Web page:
Accrual Accounting
• Accrual accounting consists of all the techniques
used to apply the matching rule.
– Adjusting entries are required when
(1) recorded costs have to be allocated between two
or more accounting periods,
(2) unrecorded expenses exist,
(3) recorded unearned revenues must be allocated
between two or more accounting periods, and
(4) unrecorded revenues exist.
Accrual Accounting
• Determining when revenue is earned is
known as revenue recognition.
Accrual Accounting
• The SEC stated that all the following conditions
must exist before revenue is recognized:
– Persuasive evidence of an arrangement exists.
– A product or service has been delivered.
– The seller’s price to the buyer is fixed or
determinable.
– Collectibility is reasonably assured.
Accrual Accounting
• Adjusting entries ensure that transactions
appear in the proper accounting period.
• Adjusting entries do not affect cash flow
because they never involve the Cash
account, but they are important for the
accurate measure of performance.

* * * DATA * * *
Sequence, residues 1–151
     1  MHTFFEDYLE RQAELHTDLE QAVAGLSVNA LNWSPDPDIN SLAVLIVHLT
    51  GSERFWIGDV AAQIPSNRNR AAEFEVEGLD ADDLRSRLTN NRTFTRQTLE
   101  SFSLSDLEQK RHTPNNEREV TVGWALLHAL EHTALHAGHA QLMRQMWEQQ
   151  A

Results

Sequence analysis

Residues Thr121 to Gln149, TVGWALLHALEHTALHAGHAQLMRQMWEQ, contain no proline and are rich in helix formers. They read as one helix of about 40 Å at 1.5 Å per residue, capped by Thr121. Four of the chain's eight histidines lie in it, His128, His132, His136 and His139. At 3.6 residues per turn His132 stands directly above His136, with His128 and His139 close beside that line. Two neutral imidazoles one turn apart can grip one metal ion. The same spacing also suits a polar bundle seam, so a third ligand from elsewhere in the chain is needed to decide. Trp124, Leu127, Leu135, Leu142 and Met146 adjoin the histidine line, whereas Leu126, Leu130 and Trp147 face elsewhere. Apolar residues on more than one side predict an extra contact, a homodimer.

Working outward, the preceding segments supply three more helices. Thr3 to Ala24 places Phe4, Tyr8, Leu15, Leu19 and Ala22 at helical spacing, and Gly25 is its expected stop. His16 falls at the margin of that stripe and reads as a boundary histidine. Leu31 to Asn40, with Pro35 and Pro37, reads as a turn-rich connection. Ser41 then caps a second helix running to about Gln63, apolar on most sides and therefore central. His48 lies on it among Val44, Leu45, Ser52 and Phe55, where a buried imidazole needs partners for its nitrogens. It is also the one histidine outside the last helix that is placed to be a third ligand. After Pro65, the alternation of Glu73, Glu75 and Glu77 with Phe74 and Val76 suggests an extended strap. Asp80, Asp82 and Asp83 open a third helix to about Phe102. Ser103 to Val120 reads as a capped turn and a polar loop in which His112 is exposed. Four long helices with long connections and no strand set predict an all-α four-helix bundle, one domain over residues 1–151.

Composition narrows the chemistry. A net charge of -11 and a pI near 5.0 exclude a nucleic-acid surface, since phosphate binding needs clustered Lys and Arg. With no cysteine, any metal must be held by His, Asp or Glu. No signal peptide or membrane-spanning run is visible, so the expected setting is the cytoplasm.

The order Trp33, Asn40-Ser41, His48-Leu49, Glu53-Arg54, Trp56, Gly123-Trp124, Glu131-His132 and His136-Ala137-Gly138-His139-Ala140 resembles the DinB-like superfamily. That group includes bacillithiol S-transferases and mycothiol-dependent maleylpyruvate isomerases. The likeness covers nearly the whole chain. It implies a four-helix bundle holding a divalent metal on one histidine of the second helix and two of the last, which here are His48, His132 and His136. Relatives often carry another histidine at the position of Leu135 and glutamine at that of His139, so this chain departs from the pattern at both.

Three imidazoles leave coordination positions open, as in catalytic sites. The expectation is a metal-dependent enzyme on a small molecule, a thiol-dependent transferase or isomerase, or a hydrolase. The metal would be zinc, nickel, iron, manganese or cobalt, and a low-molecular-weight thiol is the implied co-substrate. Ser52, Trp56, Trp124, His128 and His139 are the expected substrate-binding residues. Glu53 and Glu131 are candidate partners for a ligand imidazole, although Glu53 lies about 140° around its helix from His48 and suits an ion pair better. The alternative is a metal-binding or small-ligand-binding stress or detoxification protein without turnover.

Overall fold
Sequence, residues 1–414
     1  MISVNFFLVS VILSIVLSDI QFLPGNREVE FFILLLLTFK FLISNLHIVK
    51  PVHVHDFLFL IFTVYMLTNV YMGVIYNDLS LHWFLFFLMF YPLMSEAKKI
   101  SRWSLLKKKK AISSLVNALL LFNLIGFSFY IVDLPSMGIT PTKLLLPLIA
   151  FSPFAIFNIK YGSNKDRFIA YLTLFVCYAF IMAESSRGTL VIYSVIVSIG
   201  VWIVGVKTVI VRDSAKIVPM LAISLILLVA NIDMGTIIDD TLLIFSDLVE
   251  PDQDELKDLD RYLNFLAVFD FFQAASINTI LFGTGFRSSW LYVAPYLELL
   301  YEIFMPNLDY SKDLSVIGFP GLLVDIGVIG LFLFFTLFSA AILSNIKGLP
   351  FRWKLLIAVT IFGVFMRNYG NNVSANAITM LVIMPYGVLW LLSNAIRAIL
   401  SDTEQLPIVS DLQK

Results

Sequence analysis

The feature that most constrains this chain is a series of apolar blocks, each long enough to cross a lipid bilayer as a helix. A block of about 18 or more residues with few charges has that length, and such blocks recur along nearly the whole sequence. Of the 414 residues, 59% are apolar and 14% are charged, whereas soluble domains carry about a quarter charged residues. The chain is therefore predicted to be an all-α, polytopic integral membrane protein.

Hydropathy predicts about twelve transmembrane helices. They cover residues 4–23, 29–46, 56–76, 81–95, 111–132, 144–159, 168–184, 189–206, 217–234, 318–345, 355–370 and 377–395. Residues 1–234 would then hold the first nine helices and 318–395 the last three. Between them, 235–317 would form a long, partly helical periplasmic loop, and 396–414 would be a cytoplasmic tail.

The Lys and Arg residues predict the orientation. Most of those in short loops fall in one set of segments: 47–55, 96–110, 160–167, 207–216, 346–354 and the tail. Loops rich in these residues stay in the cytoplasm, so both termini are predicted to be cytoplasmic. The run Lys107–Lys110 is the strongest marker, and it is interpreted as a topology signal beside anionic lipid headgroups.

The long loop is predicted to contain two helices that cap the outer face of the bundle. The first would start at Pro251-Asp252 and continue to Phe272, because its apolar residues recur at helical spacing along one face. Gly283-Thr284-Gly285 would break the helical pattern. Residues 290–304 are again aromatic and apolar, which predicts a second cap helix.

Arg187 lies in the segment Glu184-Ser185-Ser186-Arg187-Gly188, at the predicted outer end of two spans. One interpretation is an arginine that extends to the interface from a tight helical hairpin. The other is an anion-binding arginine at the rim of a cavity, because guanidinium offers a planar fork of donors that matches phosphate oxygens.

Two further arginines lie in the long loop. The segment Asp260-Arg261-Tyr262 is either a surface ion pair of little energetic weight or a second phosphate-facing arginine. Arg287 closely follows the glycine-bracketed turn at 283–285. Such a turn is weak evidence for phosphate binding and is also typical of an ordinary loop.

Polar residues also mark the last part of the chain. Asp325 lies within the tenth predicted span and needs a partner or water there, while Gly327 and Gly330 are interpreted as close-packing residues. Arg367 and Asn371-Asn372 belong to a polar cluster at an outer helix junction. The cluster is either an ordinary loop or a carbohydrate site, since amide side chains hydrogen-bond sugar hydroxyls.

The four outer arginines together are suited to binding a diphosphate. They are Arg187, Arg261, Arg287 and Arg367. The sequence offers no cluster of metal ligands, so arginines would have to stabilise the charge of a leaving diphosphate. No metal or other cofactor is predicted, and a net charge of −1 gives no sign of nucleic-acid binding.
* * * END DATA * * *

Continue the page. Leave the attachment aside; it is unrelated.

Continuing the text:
Exhibit 1: Trial Balance
SE 1
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The Adjustment Process
OBJECTIVE 3: Identify four situations that
require adjusting entries, and illustrate
typical adjusting entries.
The Adjustment Process
• Adjusting entries are made at the end of the period.
– A deferral is the postponement of the recognition of
revenue received in advance or of an expense already
paid (cash has already changed hands).
• Allocate recorded costs between two or more accounting
periods.
• Allocate recorded, unearned revenues between two or
more accounting periods.
The Adjustment Process
• Adjusting entries are made at the end of the period.
– An accrual is the recognition of a revenue or expense
that has arisen but has not yet been recorded (cash
has not yet changed hands).
• Recognize unrecorded expenses.
• Recognize unrecorded, earned revenues.
Figure 2: The Four Types of Adjustments
Figure 3: Adjustment for Prepaid
(Deferred) Expenses
Figure 4: Adjustment for Unrecorded
(Accrued) Expenses
Figure 5: Adjustment for Unearned
(Deferred) Revenues
Figure 6: Adjustment for Unrecorded
(Accrued) Revenues
The Adjustment Process
• Prepaid rent and prepaid insurance are
transferred (at least in part) to expense accounts.
The Adjustment Process
• Office supplies used are recorded as Office
Supplies Expense. Usually an inventory of office